Successful implementation could reduce more than 40 per cent of new cases of the disease and 5 million related deaths by 2050
WHO has launched a Global Strategy to Accelerate the Elimination of Cervical Cancer which outlines three key steps: vaccination, screening and treatment. Successful implementation of all three could reduce more than 40 per cent of new cases of the disease and 5 million related deaths by 2050.
This launch marks the first time that 194 countries commit to eliminating cancer, following adoption of a resolution at this year’s World Health Assembly.
All countries have to meet the following three targets by 2030 on the path toward elimination:
● 90 per cent of girls fully vaccinated with the HPV vaccine by 15 years of age
● 70 per cent of women screened using a high-performance test by age 35 and again by 45
● 90 per cent of women identified with cervical disease receive treatment (90 per cent of women with pre-cancer treated and 90 per cent of women with invasive cancer managed).
The strategy also stresses that investing in the interventions to meet these targets can generate substantial economic and societal returns. An estimated $3.20 will be returned to the economy for every dollar invested through 2050 and beyond, owing to increases in women’s workforce participation. The figure rises to $26.00 when the benefits of women’s improved health on families, communities and societies are considered.
Dr Tedros Adhanom Ghebreyesus, Director-General, WHO says we now have the cost-effective, evidence-based tools to make eliminating any cancer a reality but warned that we can only eliminate cervical cancer as a public health problem if we match the power of the tools we have with unrelenting determination to scale up their use globally.
Though cervical cancer is a preventable disease, and also curable if detected early and adequately treated, it is the fourth most common cancer among women globally. Without taking additional action, the annual number of new cases of cervical cancer is expected to increase from 570 000 to 700 000 between 2018 and 2030, while the annual number of deaths is projected to rise from 311 000 to 400 000. In low- and middle-income countries, its incidence is nearly twice as high and its death rates three times as high as those in high-income countries.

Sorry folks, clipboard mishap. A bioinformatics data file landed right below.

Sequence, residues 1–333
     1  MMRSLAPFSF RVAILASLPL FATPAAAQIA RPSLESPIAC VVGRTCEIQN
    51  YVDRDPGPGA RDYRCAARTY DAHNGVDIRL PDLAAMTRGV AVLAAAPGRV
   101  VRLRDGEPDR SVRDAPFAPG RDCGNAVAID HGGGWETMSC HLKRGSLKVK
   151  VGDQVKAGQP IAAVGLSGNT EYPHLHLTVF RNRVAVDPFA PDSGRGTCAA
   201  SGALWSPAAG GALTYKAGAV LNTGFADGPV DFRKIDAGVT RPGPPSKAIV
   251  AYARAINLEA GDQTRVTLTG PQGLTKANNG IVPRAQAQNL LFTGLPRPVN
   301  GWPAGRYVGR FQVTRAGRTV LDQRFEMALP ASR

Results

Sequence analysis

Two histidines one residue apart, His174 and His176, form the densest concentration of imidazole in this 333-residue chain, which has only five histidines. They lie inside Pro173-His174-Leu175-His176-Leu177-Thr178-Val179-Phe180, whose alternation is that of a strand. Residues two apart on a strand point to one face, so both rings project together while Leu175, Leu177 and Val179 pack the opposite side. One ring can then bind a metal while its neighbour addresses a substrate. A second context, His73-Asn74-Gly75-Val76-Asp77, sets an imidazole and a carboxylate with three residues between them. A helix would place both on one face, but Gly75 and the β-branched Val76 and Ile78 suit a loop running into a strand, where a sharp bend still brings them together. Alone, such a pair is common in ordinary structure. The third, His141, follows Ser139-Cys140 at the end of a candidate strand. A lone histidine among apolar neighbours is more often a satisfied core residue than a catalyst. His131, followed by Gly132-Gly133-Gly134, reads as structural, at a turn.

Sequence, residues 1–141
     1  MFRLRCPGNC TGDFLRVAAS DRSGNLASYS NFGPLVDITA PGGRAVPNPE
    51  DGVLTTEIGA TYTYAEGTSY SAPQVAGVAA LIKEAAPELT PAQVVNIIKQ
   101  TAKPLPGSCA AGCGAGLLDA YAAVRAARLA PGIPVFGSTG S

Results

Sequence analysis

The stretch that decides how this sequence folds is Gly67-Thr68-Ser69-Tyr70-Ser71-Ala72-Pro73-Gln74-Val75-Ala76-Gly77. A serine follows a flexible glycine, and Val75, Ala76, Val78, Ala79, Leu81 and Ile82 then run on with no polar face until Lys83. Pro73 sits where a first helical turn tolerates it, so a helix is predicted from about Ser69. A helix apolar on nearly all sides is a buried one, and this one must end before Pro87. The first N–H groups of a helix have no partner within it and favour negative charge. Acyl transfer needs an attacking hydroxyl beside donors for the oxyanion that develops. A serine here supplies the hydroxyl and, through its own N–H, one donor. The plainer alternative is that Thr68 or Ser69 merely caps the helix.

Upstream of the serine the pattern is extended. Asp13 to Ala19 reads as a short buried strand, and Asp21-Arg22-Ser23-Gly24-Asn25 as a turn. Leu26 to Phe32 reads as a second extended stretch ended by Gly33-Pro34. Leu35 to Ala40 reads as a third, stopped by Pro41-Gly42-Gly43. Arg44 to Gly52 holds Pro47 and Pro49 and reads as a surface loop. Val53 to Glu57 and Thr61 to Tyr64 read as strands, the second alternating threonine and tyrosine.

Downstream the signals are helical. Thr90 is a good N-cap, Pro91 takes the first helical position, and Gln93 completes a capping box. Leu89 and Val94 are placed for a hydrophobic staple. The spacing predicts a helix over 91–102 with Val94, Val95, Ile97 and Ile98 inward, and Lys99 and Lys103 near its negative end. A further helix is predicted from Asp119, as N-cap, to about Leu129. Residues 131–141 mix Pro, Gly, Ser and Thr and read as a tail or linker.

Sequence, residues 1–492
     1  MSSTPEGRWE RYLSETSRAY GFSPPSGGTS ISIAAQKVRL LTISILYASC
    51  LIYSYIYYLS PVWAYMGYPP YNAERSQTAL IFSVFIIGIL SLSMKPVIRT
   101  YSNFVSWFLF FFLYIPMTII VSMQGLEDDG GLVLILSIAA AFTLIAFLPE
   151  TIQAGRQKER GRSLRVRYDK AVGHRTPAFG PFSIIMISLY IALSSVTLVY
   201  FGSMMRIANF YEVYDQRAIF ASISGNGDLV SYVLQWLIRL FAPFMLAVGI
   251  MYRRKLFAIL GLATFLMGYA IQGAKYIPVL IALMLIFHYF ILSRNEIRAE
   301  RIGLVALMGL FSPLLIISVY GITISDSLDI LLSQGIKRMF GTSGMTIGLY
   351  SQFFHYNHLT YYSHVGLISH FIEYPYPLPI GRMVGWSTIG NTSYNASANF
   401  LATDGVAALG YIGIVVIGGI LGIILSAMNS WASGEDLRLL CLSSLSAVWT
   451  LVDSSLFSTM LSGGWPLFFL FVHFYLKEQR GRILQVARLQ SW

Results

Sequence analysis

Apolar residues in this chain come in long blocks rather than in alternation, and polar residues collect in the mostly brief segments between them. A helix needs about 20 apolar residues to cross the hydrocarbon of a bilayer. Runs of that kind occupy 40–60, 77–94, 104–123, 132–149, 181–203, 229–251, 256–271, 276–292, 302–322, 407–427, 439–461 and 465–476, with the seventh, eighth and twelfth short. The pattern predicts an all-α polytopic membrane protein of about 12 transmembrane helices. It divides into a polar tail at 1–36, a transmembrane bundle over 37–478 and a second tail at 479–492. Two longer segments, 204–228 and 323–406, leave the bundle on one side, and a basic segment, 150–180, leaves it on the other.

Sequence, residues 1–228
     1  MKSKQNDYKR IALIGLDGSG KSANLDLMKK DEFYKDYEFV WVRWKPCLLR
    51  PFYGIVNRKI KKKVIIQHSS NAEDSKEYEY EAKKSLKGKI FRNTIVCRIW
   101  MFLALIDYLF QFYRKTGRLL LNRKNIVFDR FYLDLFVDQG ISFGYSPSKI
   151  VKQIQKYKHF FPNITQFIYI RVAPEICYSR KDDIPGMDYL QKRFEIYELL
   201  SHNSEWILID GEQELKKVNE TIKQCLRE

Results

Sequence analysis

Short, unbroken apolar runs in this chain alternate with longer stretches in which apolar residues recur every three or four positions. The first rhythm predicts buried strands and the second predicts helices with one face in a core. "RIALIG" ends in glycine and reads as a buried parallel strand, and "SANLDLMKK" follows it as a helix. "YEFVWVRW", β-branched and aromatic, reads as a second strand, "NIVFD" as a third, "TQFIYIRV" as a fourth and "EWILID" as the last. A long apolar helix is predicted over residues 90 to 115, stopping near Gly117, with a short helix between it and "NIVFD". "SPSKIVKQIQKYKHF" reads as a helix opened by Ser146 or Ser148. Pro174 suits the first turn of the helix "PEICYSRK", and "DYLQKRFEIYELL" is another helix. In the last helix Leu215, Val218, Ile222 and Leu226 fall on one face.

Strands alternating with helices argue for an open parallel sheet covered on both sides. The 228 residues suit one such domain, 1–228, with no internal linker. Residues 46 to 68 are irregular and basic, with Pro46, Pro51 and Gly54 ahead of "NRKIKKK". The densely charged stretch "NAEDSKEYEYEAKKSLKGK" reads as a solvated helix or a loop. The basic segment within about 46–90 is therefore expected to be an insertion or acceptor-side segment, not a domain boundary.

However, the COVID-19 pandemic has posed challenges to preventing deaths due to cancer, including the interruption of vaccination, screening and treatment services; border closures that reduced the availability of supplies and that prevent the transit of skilled biomedical engineers to maintain equipment; new barriers preventing women in rural areas from travelling to referral centres for treatment; and school closures that interrupt school vaccine programmes. WHO has urged all countries to ensure that vaccination, screening and treatment can continue safely, with all necessary precautions.
The launch is being celebrated with a day of action across the globe, as ministries of health, partners, and cancer advocates engage in activities to improve access to cancer prevention and treatment for girls and women. Around the world, monuments are being illuminated in the cervical teal, from Niagara Falls in North America to The Dubai Frame, to city skylines across Australia.